Friday, January 17, 2014
Australia Roasts and It's Lights Out
Australia is reeling from the worst heatwave to hit the country since - oh, I see, the worst since 2013.
For city dwellers, heatwaves tend to be particularly severe - crowding, congestion, traffic, lack of air circulation and so on. But it's even worse, a lot worse, when the power goes out and, right now, Australians are enduring blackouts. The Guardian's Alex White is feelin' the thunda' down unda'.
While the sunburned country is used to hot weather, our infrastructure was not built to cope with several days of above 40°C temperatures. Now Victoria has now seen 4 consecutive days above 41°C, breaking records that have existed since 1855.
In 2009, the heatwave preceded Black Saturday, one of the most devastating bush fires in recent times. The human cost of the 2009 heatwave was more than 374 deaths, in addition to the 173 people who died in the fires.
While there were heatwaves across most of Australia for the past fortnight, the heatwave this week finally hit the south-eastern seaboard, and Melbourne where I live.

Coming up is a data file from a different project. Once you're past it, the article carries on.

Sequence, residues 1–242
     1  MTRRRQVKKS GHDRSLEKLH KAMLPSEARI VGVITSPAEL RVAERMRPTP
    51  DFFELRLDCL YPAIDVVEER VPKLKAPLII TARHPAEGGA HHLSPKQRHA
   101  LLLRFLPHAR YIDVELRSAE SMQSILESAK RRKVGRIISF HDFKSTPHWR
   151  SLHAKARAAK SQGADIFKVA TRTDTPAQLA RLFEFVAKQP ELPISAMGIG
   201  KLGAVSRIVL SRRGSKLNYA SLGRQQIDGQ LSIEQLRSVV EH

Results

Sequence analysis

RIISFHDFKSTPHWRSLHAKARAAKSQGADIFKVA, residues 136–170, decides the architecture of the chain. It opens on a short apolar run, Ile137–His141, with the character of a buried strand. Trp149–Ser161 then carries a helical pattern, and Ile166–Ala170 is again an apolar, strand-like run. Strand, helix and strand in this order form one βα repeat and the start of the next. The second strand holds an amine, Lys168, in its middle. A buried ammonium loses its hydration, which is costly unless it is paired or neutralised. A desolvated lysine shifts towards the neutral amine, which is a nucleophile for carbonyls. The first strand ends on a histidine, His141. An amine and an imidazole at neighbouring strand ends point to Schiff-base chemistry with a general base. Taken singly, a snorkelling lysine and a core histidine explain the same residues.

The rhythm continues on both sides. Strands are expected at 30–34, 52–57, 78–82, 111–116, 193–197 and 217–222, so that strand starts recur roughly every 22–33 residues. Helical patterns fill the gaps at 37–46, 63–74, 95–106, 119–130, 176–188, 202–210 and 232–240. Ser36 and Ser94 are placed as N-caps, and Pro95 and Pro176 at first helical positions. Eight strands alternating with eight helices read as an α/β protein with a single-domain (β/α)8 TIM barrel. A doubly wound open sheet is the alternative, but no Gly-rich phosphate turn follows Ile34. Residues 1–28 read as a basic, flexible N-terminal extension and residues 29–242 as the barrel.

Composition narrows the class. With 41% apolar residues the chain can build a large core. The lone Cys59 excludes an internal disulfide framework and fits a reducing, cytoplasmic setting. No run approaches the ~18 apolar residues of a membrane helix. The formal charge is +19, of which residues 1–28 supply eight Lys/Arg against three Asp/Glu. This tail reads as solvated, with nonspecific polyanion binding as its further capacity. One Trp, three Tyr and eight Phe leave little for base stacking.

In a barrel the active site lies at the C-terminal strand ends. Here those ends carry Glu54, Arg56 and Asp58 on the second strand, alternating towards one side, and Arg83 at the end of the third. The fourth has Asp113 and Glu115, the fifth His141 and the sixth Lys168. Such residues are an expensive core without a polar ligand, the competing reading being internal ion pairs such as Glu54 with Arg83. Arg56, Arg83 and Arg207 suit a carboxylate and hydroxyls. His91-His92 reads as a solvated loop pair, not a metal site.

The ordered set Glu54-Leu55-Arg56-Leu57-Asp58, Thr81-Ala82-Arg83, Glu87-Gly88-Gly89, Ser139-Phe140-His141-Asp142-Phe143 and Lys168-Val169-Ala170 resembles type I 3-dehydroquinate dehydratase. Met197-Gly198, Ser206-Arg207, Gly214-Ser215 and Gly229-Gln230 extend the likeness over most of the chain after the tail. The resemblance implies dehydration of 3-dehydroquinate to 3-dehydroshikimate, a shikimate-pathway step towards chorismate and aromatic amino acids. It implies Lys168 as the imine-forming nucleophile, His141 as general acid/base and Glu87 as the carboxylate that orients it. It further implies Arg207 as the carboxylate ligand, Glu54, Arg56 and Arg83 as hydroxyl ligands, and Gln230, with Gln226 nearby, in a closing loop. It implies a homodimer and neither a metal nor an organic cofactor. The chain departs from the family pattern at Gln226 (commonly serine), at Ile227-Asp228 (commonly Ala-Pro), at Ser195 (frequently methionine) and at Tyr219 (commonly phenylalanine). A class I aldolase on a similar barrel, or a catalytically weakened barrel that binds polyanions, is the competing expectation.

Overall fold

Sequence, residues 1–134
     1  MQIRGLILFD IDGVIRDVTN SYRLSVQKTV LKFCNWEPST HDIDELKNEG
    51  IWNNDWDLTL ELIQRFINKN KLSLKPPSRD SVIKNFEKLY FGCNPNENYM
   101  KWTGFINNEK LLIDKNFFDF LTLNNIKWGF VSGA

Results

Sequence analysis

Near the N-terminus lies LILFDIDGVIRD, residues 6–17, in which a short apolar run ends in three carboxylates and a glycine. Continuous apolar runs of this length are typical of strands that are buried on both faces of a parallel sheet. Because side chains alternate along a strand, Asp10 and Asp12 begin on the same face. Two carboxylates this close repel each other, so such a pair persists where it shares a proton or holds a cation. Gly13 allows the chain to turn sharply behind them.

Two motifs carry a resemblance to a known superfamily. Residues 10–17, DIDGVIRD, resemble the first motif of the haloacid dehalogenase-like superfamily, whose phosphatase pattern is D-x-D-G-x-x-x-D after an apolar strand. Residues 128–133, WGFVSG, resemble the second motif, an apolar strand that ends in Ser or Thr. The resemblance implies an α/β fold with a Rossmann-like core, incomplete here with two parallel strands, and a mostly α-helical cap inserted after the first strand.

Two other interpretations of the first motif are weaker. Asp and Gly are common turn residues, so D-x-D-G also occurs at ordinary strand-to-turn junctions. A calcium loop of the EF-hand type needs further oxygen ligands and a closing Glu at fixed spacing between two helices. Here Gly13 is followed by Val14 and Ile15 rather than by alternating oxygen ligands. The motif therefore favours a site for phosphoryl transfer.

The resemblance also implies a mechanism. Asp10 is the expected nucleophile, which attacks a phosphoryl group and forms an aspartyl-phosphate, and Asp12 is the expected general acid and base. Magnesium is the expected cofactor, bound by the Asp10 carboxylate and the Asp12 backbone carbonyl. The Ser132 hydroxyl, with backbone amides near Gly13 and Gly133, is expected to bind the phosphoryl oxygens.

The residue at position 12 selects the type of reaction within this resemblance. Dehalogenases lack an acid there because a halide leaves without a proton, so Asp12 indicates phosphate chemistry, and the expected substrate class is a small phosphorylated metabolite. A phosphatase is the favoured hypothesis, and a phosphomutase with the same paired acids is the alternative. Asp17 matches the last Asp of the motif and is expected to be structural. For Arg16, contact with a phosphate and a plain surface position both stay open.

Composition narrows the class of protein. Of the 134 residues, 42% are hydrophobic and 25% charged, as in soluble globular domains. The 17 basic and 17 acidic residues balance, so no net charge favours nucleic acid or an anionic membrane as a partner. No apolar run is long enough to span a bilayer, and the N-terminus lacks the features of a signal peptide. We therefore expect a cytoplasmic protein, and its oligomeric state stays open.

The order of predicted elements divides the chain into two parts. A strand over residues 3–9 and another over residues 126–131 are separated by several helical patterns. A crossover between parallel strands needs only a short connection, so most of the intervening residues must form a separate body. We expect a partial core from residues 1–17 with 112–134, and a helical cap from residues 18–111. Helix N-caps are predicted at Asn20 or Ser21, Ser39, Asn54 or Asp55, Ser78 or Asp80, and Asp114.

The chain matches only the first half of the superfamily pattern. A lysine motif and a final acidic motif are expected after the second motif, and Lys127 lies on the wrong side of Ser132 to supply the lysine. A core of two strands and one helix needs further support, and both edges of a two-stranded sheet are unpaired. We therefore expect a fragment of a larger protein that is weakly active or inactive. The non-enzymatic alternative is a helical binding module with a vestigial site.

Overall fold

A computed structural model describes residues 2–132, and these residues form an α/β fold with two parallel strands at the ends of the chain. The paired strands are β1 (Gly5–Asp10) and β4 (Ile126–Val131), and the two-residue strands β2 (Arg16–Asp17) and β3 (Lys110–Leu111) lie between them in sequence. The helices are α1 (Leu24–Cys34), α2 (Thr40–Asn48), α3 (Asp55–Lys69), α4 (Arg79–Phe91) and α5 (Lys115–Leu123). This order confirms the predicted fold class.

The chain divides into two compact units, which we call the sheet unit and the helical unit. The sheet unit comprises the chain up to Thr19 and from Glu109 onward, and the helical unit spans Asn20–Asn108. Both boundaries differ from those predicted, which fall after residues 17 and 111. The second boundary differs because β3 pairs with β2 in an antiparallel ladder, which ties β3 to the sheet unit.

In nearby South Australia, the state capital Adelaide became the hottest city on earth, with temperatures in Roseworthy exceeding 46°C. (That's over 114.8°F if you don't follow Celsius.)
Under these conditions, we saw train and tram tracks buckle. Melbourne ground to a halt, when the public transport providers, Metro and Yarra Trams advised commuters to leave work early to avoid massive delays and service cancellations.
It became so hot that the Australian Open tennis competition had play stopped after players collapsed and hallucinated cartoon characters.
And nothing goes better with a record heatwave than government cutting off your electricity.
On Wednesday, the Victorian premier Denis Napthine, who has introduced an effective ban on the construction of wind turbines, talked about the need to "reduce the supply to some households".
He's talking about cutting the electricity to homes, during the hottest part of the day.
"The Government is insisting that priority is given to electricity supplies for hospitals, nursing homes emergency services, public transport and major infrastructure," he said in a radio interview, and he also noted that essential services "will be exempt" from power cuts.
Fortunately Australians recently elected a new prime minister, Tony Abbott, who knows that global warming is a hoax. One of the first things Abbott did on taking office was scrap Australia's carbon pricing scheme and shut down the country's climate change institutions for which he was warmly congratulated by - you guessed it - the Harper government.